One winter festival which marks the start of new season is called by so many names, and in every culture the food prepared is essentially Khichdi (Lentil & Rice preparation) both Sweet (traditionally with Jaggery) and Spicy varieties. The festival traditionally involved eating sweets made of Sesame-Jaggery in all cultures. No matter what you call by name the festival is celebrated all over with similarity.

Happy Makara Sankranti -- (AP , Karnataka, Kerala, Goa, Maharashtra)
Happy Pongal -- (TN & Pondicherry)
Happy Lohri -- (Punjab & Haryana)
Sakraat & Makraat -- (Bihar, UP, Uttarakhand)
Happy Uttarayan -- (Gujarat, Diu, Daman)
Happy Suggi -- (Karnataka)
Happy Magh Saaji --(HP)
Happy Ghughuti --(Kumaon)
Happy Makara Chaula -(Odhisha)
Happy Kicheri ---(Poorvanchal East UP)
Happy Pousha Sankranti -- (Bengal & NE)
Happy Magh Bihu --(Assam & NE)
Happy Shishur Sankraat --(Kashmir )
Happy Makara Vilakku -- (Kerala)
Happy Maaghe Sankrant -- Nepal
Happy Tirmoori -- Sindh Pakistan
Happy Songkran -- Thailand
Happy Pi Ms Lao -- Laos
Happy Thingyan --Myanmar
Happy Mohan Songkran -- Cambodia

Unity in Diversity

Makar Sankranti (also known as Makara Sankranthi or Maghi) refers both to a specific solar day in the Hindu calendar and a Hindu festival in reference to deity Surya (sun) that is observed in January every year. It marks the first day of sun's transit into the Makara (Capricorn), marking the end of the month with the winter solstice and the start of longer days.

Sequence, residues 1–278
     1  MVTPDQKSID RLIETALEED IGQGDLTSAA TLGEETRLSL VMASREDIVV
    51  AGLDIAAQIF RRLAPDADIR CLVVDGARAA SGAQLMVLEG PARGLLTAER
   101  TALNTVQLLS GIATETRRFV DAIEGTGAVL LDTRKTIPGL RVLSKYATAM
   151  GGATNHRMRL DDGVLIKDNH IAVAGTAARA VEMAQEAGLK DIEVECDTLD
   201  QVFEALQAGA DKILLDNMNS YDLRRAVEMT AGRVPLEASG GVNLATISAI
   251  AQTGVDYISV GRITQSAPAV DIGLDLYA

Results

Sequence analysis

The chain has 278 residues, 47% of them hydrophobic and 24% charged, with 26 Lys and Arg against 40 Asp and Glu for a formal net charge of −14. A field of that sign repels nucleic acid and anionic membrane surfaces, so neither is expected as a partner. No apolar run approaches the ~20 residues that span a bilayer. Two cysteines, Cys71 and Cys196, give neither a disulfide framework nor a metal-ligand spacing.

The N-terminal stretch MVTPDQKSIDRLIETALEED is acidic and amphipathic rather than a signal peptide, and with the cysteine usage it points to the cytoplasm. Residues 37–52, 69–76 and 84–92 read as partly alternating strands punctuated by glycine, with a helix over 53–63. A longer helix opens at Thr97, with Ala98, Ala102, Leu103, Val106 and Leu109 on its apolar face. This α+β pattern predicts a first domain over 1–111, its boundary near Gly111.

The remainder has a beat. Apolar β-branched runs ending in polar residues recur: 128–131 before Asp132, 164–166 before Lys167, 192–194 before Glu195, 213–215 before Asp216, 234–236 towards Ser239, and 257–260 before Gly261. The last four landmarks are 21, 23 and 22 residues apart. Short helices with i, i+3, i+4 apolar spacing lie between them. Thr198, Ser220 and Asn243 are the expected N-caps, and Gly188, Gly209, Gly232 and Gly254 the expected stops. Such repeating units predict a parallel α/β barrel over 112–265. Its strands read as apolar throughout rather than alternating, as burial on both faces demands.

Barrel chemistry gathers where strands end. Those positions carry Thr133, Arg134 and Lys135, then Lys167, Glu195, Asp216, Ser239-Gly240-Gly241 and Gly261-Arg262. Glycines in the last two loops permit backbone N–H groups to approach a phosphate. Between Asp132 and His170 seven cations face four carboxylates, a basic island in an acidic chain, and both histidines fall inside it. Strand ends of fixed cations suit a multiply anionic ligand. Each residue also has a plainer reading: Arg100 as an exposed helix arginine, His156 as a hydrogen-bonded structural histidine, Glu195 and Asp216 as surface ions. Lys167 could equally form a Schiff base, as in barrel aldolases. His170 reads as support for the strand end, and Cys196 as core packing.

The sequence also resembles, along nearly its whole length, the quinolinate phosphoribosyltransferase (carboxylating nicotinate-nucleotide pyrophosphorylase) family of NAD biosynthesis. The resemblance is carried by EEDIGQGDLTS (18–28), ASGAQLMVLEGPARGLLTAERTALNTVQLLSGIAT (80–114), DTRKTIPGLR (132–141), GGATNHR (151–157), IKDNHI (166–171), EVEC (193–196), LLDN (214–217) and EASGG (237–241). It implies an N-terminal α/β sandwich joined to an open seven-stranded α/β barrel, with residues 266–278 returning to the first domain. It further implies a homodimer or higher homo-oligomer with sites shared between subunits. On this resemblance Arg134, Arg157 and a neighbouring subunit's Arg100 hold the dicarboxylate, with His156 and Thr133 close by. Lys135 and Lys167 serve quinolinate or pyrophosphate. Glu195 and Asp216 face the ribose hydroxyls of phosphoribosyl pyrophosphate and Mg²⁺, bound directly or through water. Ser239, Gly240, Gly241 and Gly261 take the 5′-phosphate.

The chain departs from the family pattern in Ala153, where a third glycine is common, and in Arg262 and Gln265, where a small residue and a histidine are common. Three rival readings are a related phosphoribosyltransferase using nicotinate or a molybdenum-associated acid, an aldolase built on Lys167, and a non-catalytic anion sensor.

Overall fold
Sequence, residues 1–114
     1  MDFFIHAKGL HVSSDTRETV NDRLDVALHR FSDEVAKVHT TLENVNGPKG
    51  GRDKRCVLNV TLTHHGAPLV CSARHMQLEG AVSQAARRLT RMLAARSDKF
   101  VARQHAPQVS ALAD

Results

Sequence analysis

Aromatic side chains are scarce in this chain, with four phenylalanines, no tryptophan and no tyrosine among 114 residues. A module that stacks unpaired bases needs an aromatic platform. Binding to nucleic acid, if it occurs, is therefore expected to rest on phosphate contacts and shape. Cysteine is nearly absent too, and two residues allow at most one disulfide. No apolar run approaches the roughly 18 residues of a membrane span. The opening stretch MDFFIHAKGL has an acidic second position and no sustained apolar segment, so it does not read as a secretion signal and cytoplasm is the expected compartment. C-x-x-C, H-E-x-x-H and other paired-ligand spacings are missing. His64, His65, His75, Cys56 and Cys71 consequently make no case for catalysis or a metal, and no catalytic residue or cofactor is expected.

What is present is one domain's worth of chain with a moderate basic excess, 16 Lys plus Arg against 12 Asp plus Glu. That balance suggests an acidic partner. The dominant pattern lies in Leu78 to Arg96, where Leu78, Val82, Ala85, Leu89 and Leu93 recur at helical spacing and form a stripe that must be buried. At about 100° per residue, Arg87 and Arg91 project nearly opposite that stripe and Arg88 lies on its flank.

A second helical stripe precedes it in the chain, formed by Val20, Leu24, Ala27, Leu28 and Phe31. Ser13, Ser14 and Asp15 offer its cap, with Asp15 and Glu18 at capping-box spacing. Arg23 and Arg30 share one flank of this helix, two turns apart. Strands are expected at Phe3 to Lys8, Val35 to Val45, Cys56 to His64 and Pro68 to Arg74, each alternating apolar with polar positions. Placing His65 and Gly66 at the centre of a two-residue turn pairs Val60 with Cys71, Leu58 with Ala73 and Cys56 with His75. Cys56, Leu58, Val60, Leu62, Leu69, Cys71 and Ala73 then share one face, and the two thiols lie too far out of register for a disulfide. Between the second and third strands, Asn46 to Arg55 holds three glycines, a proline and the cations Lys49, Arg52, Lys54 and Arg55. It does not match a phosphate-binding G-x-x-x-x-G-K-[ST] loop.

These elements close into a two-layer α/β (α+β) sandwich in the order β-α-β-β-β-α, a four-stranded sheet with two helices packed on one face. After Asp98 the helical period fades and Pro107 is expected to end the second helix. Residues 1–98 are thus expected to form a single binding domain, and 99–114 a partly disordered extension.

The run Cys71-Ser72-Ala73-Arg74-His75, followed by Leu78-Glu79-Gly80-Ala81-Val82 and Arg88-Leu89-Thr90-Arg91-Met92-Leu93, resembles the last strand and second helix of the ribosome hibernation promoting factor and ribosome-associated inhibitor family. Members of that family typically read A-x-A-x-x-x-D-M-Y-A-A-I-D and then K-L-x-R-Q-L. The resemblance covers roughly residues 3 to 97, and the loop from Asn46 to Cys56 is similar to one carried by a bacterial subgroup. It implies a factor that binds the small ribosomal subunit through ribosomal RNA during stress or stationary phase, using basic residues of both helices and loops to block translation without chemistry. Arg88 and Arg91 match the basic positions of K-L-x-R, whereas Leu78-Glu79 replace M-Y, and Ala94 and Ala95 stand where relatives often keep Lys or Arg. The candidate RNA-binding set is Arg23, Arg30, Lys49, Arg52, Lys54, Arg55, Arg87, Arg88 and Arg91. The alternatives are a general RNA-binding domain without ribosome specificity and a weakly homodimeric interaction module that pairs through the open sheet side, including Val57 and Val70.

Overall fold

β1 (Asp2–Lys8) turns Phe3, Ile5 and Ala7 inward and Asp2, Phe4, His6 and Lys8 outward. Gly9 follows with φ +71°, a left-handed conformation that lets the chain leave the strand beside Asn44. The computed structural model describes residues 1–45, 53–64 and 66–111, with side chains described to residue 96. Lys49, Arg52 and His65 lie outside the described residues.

Makar Sankranti is one of the few ancient Hindu festivals that has been observed according to solar cycles, while most festivals are set by the lunar cycle of the lunisolar Hindu calendar. Being a festival that celebrates the solar cycle, it almost always falls on the same Gregorian date every year (January 14), except in rare years when the date shifts by a day for that year, because of the complexity of earth-sun relative movement. The festivities associated with Makar Sankranti are known by various names such as Lohri by north Indian Hindus and Sikhs, Sukarat in central India, Bhogali Bihu by Assamese Hindus, and Pongal by Tamil and other south Indian Hindus.

Makar Sankranti is observed with social festivities such as colorful decorations, rural children going house to house, singing and asking for treats (or pocket money), melas (fairs), dances, kite flying, bonfires and feasts. The Magha Mela, according to Diana L. Eck a professor at Harvard University specializing in Indology, is mentioned in the Hindu epic, the Mahabharata, thus placing this festival to be around 2,000 years old. Many go to sacred rivers or lakes and bathe with thanksgiving to the sun. Every twelve years, the Hindus observe Makar Sankranti with one of the world's largest mass pilgrimage, with an estimated 40 to 100 million people attending the event. At this event, they say a prayer to the sun and bathe at the Prayaga confluence of the River Ganga and River Yamuna at the Kumbh Mela, a tradition attributed to Adi Shankara.

Date
Makar Sankranti set by the solar cycle of the Hindu lunisolar calendar, and is observed almost always on 14 January, and signifies the arrival of longer days. Makar Sankranti falls in the Hindu calendar solar month of Makara, and lunar month of Magha. It marks the end of the month with winter solstice and the darkest night of the year, a month that is called Pausha in lunar system and Dhanu is solar system of Hindu time keeping methodology. The festival celebrates the first month with consistently longer days.

Significance